Many of Malta’s top hotels are reporting that 2024 is shaping up to be another great year for the hospitality sector, as the strong tourist arrivals reported in the first few months of the year are being matched by similarly high bookings for the summer season and beyond.

Coming right after a record-breaking 2023, when around 3 million tourists visited Malta, the first three months of 2024 saw double-digit growth in arrivals.

Although flight delays and cancellations are not quite so common as they were in late 2022 and throughout 2023, the air travel industry remains in flux, with troubled major manufacturer Boeing missing delivery deadlines and industrial action, not to mention geopolitical uncertainty, disrupting flight schedules and shaking travellers’ confidence. All of this meant that the overwhelming shift to a preference for last-minute reservations has, until recently, remained noticeable – but does this still characterise the industry in 2024?

The rising number of tourists comes alongside the opening of several new hotels, and expansions of existing ones, that had prompted industry stakeholder to raise the alarm about possible cuts to room rates and low levels of occupancy.

The outcome, according to industry experts, is likely to be a natural selection of the fittest to survive, with higher quality establishments able to offer decent prices holding an edge over those without a unique service proposition.

Andy Tanti, general manager at The Londoner, says the recent opening of both the firm’s hotels precludes making any direct comparison to the previous year’s figures, but confirmed a “positive outlook” for the summer.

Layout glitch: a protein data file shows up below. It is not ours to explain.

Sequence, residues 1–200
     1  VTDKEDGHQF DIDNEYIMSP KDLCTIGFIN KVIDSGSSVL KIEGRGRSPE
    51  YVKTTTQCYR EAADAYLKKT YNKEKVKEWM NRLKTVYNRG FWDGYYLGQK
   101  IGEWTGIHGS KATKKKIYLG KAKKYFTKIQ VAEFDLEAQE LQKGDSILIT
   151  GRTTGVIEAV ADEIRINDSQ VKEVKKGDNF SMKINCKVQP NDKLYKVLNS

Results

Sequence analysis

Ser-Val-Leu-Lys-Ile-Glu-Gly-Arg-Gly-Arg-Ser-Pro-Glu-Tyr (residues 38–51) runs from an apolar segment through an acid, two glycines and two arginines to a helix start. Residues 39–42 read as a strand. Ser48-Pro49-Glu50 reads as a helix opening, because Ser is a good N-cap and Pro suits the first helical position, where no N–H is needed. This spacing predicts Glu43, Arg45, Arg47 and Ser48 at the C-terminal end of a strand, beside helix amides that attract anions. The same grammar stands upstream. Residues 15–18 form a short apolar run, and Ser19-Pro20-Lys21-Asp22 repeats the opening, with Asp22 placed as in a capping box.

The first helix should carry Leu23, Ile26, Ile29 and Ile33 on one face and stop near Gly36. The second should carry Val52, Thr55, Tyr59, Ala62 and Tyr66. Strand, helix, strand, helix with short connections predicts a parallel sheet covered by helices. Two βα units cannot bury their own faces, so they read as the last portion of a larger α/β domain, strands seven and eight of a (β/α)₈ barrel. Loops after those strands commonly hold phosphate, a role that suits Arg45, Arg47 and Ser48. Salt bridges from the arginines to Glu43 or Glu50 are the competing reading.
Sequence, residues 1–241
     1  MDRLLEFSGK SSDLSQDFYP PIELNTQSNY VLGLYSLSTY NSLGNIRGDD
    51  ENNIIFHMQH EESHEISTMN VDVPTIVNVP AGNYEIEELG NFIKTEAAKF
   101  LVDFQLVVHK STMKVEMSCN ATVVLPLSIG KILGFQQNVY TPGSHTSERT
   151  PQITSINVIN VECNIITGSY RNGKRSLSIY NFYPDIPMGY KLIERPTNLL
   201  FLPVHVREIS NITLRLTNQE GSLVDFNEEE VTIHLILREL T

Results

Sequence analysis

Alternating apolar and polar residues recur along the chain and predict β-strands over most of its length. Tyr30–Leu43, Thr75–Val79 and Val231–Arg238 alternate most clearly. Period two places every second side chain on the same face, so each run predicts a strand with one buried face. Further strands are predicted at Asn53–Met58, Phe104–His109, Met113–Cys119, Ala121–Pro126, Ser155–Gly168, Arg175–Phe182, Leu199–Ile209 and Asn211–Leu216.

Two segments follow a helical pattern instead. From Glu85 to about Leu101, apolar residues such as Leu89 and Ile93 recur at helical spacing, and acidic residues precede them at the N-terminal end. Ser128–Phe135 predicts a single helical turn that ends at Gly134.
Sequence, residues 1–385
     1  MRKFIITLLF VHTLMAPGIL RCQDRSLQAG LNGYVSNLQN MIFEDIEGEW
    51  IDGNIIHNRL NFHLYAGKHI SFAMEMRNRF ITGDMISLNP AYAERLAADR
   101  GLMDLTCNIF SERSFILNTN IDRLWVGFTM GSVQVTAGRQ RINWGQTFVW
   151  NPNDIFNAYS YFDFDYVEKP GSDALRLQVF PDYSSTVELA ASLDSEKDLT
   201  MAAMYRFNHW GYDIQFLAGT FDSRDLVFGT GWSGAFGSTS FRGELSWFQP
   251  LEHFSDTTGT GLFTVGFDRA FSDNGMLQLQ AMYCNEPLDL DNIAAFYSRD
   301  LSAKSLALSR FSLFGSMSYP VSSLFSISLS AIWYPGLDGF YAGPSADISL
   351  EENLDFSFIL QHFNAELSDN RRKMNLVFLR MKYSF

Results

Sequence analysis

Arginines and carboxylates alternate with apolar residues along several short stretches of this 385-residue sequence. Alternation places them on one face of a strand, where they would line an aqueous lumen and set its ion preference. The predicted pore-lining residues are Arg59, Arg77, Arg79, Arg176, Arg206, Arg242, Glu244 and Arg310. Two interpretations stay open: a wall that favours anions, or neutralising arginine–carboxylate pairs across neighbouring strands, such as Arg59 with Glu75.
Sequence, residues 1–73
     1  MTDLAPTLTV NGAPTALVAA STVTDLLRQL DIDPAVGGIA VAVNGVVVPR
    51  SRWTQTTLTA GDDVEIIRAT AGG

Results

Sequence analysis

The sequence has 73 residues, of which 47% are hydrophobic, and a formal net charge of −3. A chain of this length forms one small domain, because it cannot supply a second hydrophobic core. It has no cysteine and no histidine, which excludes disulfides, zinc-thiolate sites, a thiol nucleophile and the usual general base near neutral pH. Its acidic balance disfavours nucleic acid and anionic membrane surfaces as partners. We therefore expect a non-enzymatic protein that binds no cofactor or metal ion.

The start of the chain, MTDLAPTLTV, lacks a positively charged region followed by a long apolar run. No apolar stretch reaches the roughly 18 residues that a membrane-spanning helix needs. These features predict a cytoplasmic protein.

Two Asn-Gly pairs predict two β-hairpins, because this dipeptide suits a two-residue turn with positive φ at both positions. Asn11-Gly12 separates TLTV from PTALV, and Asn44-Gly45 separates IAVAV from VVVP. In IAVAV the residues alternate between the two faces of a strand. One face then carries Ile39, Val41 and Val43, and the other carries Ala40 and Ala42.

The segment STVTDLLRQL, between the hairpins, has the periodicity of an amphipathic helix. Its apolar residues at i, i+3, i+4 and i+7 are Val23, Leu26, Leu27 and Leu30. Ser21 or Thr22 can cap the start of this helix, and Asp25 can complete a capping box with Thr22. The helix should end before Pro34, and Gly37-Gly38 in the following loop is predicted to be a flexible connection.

“We opened our Sliema hotel in June 2023 and the one in St Julian’s in November 2023, so we cannot really compare business to last year,” he says. “What I can say is that, generally, reservations are very last minute; at St Julian’s more than Sliema.”

The Londoner General Manager Andy Tanti

He says that while there is “a sense of stronger demand” in Sliema, St Julian’s “still seems to be a bit weak.”

Mr Tanti is not worried though: “We have a positive outlook for summer. I’m sure if we have another conversation in October or November, I’ll say it was a very positive summer.”

Gozo’s Kempinski Hotel owner Janice Baldacchino says that from June onwards, 2024 is exceeding the company’s expectations: “When compared to last year, and even to the forecast we had prepared for this year, performance is going beyond what we expected, both in terms of the pace of bookings and in revenues.”

So can room rates be expected to be higher this summer? Ms Baldacchino replies: “In this day and age we operate with AI software, so yes, if there is high demand, prices will automatically be pushed upwards, generating higher ARR (Average Room Rate).”

Kempinski Hotel
Kempinski Hotel, San Lawrenz, Gozo

The strong bookings being seen for the coming months is welcome, she says, after an “OK-ish” April, with group bookings falling a bit shorter than planned, whether related to small conferences or team building activities.